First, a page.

Railways lose money — always have

Dear editor,

There has been some recent discussion and requests for additional funding for the local railroad, the former E&N Railway.

Dear editor,

There has been some recent discussion and requests for additional funding for the local railroad, the former E&N Railway, initiated by the Island Corridor Foundation.

In response, first must come my admission that I am an ardent fan of railways, particularly historic and steam railways. I would love to see the rail diesel car, or RDC, run between Courtenay and Victoria once again.

However, as a pragmatist, I have yet to find a passenger rail operation anywhere on the globe that doesn’t need at least a periodic benevolence from a government at some level. That is to say, almost none of them make a buck.

The railroads of old couldn’t wait to divest themselves of their obligations to maintain passenger service, obligations which were imposed on them in exchange for grants of money and land, and it should be little wonder.

So, despite my deep regret, my integrity requires me to state that there must be a better use for the money being considered and already provided for this purpose.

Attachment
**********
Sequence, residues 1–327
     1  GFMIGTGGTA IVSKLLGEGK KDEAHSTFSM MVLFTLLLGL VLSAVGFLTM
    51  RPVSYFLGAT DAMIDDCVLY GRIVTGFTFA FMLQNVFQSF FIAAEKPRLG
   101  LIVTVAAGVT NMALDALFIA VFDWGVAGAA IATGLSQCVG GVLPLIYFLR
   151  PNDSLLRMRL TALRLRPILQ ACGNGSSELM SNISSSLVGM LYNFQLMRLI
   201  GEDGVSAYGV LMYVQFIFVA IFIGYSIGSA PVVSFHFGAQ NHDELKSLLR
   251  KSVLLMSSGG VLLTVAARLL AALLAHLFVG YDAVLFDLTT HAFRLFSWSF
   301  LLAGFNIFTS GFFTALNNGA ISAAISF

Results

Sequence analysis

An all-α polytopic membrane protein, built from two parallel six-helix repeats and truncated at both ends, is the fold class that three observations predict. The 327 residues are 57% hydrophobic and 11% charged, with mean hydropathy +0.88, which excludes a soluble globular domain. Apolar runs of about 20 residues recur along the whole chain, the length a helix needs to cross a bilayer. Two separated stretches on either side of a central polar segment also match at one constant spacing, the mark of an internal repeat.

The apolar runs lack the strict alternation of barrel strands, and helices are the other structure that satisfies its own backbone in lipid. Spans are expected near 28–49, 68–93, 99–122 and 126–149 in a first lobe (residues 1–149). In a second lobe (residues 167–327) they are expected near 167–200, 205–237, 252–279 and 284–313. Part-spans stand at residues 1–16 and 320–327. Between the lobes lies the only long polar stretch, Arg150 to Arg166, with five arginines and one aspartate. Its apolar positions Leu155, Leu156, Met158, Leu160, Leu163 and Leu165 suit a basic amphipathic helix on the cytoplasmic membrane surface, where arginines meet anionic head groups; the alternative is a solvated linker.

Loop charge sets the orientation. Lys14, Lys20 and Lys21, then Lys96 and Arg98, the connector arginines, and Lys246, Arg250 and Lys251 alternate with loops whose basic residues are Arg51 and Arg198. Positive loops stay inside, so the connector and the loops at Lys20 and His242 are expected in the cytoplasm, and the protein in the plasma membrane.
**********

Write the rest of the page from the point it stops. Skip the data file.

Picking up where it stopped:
If the ICF can make a go of it with coal, sheep carcasses, or fine oak barrels with Island single malt, please do so. But for them to sell to its public the idea that they won’t be coming back for another ‘one-time grant’, as most of them have been, is to me short-sighted…to be kind.

The bridges will deteriorate. Those that escaped the engineer’s red X in the survey of 2011 may not do so in just 18 months. More ties will turn to powder. Weeds and brush will still encroach and have to be beaten back.

Those old cars will need parts, some custom-made. And an insufficient revenue from passenger service will make it impossible to justify the budd diesel cars as anything more than a lost cause, an anachronistic symbol of the historical failure of railroads to generate revenue to cover the real costs of passenger service.

About the only credible argument that can be made in favour of passenger service, but which would also be true for freight, is that it would reduce traffic in congested areas between Courtenay and Victoria.

It would make some places safer, at face value. I think of the Malahat. In a small way, perhaps improved with improved marketing, it might generate tourism dollars.

In conclusion, I would love to be proven wrong. So would have the presidents of all the great railroads of yesteryear who contended in vain with this losing facet of the enterprise.

Crandell Overton,

Comox

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